Finally, Cramer spoke with Debra Cafaro, the chairman and CEO of real estate investment trust Ventas. Cafaro said her REIT, which focuses mainly on health care-related real estate, recently made an investment in a popular new growth area: life sciences.
"We've invested or committed about $2 billion in capital so far. And it's a university-based life science business. So [it's an] incredibly needed business because, as we know, there's so many Americans with chronic illness, so much research to be done, and universities, even highly rated ones – and most of our customers are A-rated or better – want to leverage their capital because they're capital-constrained, and so we can develop and own these buildings for them," Cafaro said.
The CEO said that Ventas' investment currently accounts for 6 percent of its business and will grow to 10 percent of the business over time. She touted the investments as a "really good risk-adjusted return" for Ventas due to the beneficiaries' strong credit status.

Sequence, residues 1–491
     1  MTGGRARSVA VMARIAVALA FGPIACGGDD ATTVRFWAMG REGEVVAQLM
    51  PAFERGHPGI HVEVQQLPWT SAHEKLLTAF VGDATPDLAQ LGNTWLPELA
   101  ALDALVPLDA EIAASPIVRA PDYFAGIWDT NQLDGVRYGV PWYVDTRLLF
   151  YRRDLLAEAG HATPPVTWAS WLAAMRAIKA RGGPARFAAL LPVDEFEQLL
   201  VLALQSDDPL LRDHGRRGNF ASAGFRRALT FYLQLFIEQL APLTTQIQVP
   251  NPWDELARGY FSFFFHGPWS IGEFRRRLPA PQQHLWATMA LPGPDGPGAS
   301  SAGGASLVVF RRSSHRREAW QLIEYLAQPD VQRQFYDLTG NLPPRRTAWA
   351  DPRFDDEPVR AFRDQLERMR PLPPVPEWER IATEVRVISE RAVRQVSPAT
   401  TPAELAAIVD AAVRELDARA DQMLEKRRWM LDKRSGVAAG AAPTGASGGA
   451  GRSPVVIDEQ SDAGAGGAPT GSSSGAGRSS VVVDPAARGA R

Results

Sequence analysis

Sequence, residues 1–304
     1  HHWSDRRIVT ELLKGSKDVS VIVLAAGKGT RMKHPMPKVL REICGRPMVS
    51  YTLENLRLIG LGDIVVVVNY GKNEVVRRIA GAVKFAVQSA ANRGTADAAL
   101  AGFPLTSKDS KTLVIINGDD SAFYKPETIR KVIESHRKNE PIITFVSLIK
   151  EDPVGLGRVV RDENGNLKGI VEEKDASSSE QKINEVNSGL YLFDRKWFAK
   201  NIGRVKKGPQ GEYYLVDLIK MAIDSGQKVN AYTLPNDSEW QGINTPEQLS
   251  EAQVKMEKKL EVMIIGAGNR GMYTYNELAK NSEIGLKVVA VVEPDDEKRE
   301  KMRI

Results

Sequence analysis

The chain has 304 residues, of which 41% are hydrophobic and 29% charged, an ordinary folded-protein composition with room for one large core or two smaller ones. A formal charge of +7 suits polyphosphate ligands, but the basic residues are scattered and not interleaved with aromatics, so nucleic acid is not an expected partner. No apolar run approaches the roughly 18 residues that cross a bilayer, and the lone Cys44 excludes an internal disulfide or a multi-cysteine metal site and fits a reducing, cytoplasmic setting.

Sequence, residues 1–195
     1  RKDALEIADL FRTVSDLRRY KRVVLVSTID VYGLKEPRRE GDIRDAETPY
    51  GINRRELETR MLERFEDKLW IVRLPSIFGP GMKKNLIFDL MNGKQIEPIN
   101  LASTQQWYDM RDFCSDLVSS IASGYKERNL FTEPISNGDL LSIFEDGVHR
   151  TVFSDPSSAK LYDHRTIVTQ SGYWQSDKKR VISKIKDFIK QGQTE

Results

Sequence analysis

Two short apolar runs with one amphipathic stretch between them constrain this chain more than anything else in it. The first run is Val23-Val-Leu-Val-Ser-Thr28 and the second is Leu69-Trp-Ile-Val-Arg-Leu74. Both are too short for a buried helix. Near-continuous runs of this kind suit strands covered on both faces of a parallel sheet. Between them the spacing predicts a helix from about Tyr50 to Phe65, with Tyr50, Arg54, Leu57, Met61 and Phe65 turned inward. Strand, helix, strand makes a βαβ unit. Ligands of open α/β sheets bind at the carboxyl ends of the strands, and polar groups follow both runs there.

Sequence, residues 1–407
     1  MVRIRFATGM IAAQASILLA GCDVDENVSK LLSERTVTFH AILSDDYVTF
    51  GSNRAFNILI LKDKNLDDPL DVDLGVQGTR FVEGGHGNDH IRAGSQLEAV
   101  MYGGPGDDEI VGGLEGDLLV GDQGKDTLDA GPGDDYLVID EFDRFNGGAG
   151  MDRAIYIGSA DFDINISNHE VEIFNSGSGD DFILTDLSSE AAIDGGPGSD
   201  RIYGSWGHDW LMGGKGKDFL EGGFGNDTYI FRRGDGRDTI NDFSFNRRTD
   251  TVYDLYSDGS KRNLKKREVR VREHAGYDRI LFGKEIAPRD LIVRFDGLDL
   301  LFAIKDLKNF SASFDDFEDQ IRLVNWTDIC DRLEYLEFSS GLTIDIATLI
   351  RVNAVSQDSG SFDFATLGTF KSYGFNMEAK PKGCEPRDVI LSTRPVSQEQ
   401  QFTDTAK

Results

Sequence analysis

"The universities are the engines of economic development in these sub-markets, they're magnets for private capital who want an employed workforce, and so we bought a great portfolio," Cafaro said. "It's at Yale, at Duke, at Brown, at WashU, at UPenn Medicine … and we are developing these hubs of research and innovation with and for these universities to help them grow by using our capital."
In Cramer's lightning round, he flew through his take on some callers' favorite stocks:
RH: "When Gary Friedman, the CEO, bought a huge amount of stock at $25.26, we would've said we want to go with him because that was a huge insider buy. Now the stock has more than doubled. They did have a good quarter. The stock has continued to be propelled higher. I prefer to wait for a 10 percent pullback, but what a good presentation he made last week in New York. What a guy."
Advanced Micro Devices: "AMD does have this big overhang of an investment that another company made in it, which is why it's stalled. It's why I'd prefer Nvidia, and Nvidia, by the way, is not a cryptocurrency play. It happens to have some cryptocurrency people in it, [but it's] less than 10 percent of the business."
Disclosure: Cramer's charitable trust owns shares of Apple and Nvidia.